Next-Generation Active Protection


From Armor & Mobility/October 2017

By Dr. Ronald M. Meixner, ADS mbH

Original Active Protection Systems (“APS”) were launcher-style solutions developed more than 10 years ago. These first-generation APS were designed primarily to protect main battle tanks – the only vehicle capable of accommodating the system’s considerable weight and power requirements. Today’s modern militaries demand a more capable, modular solution that can be rapidly fielded on a variety of current and future combat and tactical vehicles. This next-generation APS will very likely be a distributed system that’s been developed from the lessons learned through deployment of the earlier launcher concept. Now, after numerous vehicle integrations and nearly 900 live fire tests against a wide range of anti-armor threats, the German company ADS has made this distributed APS concept a mature and deployable reality. ADS, a member of the Rheinmetall Group, has developed and fielded a system that is specifically designed to improve on earlier launcher-based APS technology. So what’s the difference?

Advanced Sensing for Threat Defeat

As with any type of defensive system, adversaries seek to identify and exploit weaknesses. After initial encounters with launcher-style APS, one early lesson learned was that these systems could become saturated by coordinated attacks aimed at the same location on the target vehicle. These simultaneous attacks were able to overwhelm the APS because the system’s launcher-based design resulted in a delay between intercepts and typically limited to two the number of threats that could be defeated before reloading was necessary. To address this issue, the system ADS-Gen3 was designed with a series of redundant sensors and explosive countermeasures that can defeat up to 3 attacks in any area of the vehicle, and can do so in multiple locations – even when these incoming threats are being launched and intercepted simultaneously.
The second important lesson learned by potential adversaries was that launcher-style APS are limited in their Minimum Defeat Distance or “MDD”, the shortest distance from which a threat can be intercepted and successfully defeated. For a launcher-style APS, the MDD is typically 60 meters or more, depending on the speed of the incoming threat. Should an adversary attempt to attack within the MDD, they put themselves at greater risk of detection and counter-attack. Because the ADS system is able to react much faster than first-generation launcher-style systems, it can intercept threats fired as close as 10 meters from the vehicle, thereby eliminating an adversary’s ability to attack within the system’s MDD.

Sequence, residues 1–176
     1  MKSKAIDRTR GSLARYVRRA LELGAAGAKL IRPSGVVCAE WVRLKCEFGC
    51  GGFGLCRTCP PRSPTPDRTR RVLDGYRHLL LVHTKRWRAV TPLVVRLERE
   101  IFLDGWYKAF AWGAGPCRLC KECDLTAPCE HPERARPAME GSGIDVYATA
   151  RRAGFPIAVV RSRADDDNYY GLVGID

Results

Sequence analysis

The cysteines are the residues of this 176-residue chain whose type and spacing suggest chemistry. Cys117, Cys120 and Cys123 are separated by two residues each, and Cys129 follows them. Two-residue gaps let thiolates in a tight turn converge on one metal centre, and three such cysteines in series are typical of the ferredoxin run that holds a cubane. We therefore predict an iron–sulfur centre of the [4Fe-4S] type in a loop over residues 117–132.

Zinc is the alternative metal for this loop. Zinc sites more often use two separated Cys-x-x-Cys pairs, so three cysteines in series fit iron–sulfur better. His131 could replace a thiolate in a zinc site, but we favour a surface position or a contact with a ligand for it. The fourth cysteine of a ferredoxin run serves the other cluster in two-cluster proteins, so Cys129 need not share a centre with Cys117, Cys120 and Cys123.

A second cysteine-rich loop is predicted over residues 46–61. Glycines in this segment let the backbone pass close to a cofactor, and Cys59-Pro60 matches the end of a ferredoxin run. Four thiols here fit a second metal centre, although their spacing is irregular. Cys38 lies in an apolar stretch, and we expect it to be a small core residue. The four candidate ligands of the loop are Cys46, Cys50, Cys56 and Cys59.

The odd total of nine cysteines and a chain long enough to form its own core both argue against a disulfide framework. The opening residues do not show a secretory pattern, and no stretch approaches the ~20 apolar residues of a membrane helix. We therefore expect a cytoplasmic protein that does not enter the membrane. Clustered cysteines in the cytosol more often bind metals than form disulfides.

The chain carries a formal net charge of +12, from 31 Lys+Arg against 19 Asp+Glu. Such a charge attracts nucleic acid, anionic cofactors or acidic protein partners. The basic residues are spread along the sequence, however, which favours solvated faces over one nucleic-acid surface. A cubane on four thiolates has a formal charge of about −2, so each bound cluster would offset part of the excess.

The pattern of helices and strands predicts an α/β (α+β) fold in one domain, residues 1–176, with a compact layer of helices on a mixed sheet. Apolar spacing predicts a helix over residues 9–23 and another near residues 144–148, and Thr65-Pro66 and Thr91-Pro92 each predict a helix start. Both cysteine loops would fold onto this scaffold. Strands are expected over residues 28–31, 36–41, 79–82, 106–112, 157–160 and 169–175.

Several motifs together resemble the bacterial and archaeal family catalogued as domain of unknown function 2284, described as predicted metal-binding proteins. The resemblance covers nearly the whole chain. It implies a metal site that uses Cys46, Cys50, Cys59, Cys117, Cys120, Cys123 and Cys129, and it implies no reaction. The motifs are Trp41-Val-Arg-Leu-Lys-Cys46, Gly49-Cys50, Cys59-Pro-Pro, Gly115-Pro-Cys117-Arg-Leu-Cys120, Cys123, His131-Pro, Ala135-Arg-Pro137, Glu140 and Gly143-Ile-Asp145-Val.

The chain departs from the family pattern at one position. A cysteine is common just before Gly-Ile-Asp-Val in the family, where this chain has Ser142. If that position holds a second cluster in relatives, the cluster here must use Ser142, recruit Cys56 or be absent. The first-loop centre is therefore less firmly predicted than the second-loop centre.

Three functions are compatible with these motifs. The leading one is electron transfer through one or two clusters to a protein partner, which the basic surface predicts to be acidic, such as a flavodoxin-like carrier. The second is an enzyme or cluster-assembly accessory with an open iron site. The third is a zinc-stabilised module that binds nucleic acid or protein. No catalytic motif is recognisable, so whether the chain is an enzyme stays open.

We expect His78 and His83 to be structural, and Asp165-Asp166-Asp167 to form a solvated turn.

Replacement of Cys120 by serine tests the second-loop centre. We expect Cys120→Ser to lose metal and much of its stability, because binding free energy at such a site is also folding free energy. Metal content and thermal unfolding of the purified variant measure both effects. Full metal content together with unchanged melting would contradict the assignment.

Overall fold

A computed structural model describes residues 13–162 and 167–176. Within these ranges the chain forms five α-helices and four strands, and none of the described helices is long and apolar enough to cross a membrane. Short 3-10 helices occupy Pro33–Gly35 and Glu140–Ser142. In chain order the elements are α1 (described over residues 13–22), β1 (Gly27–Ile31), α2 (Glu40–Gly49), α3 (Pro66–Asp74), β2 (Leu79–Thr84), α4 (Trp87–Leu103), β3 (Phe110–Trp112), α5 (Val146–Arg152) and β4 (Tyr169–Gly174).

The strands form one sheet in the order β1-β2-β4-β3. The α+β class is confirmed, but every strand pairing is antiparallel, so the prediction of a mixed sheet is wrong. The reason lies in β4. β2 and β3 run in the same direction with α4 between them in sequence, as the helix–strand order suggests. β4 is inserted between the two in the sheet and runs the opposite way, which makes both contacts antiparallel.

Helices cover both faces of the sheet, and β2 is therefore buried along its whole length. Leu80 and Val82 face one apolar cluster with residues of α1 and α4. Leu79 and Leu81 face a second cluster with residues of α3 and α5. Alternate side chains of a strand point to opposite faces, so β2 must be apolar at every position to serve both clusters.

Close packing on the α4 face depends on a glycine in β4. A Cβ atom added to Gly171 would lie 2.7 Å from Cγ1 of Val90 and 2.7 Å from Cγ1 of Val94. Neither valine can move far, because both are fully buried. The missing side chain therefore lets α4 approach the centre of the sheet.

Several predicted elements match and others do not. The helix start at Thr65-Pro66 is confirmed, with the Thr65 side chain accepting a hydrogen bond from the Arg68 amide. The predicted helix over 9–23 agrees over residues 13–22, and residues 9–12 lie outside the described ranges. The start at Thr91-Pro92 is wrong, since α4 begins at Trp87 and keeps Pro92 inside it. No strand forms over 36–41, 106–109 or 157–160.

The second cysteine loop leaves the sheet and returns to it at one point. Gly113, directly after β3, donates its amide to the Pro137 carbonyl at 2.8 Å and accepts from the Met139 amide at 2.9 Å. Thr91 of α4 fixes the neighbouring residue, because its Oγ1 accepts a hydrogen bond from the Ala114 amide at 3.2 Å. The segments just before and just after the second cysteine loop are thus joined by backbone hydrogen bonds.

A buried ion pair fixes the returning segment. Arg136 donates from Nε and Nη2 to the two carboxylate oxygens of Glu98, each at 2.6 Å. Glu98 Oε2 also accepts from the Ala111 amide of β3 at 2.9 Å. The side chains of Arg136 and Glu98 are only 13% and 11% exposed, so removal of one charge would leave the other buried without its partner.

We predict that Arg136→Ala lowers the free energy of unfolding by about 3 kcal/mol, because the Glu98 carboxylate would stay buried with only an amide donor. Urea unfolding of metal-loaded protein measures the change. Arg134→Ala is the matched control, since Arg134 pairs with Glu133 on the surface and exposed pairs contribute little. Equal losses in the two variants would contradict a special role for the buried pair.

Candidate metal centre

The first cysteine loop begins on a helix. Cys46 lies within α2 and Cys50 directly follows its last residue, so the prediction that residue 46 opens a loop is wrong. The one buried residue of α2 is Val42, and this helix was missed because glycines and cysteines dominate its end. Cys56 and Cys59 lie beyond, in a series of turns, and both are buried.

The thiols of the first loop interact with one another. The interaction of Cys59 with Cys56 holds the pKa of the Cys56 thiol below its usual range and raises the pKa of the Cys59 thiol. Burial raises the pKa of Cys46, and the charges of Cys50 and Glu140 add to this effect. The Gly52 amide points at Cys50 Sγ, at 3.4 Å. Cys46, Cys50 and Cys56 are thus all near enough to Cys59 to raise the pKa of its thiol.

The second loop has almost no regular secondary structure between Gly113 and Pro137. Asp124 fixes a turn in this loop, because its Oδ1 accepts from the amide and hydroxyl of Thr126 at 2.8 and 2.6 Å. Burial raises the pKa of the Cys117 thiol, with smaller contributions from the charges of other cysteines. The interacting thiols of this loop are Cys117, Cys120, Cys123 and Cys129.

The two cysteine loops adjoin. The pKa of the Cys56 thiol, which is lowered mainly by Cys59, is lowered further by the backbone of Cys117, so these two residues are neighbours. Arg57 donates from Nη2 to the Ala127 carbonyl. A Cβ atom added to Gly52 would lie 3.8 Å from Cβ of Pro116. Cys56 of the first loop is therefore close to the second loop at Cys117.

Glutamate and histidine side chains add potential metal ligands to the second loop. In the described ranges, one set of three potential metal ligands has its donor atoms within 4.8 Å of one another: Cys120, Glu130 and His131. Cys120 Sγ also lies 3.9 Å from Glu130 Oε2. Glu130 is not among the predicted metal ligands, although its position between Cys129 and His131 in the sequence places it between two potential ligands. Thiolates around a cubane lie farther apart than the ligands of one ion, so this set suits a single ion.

The ADS system’s incredible speed and ability to defeat threats when they are in close proximity results in three other critical advantages. First, ADS sensors only survey to within a distance of 35 meters from the vehicle so the system’s power requirements and radar signal output are both relatively low as compared to other APS. In contrast to the longer range radars that launcher based systems need in order to have time to react, ADS-Gen3 radar’s short surveillance distance favors a high radar resolution, enabling the system to detect low radar-profile attacks (as with some Russian-made RPGs) and coordinated or streamed attacks fired within a fraction of a second (as demonstrated when the German Armed Forces tested the system by firing simultaneously on ADS-Gen3 within 0.1 seconds). Second, the system’s MDD, in combination with its low-power radar reduces the risk of mutual interference when vehicles equipped with ADS-Gen3 operate in close proximity and, therefore, its deployment does not affect current fighting or electronic warfare doctrines. Third, because threats are defeated close to the target the intercept is very precise and rarely results in a high order detonation of the incoming threat or the formation of a jet that could potentially defeat the vehicles passive armor. This is a key difference and one that minimizes the potential danger to any dismounted personnel or non-combatants.

Scalable for Future

As the U. S. Army moves toward a modular framework for its future APS requirements, a scalable and distributed system like ADS takes advantage of valuable lessons learned from earlier systems to provide a Next Generation APS solution that can be tailored to many different vehicle platforms and is easily upgradeable as improvements in technology become available.

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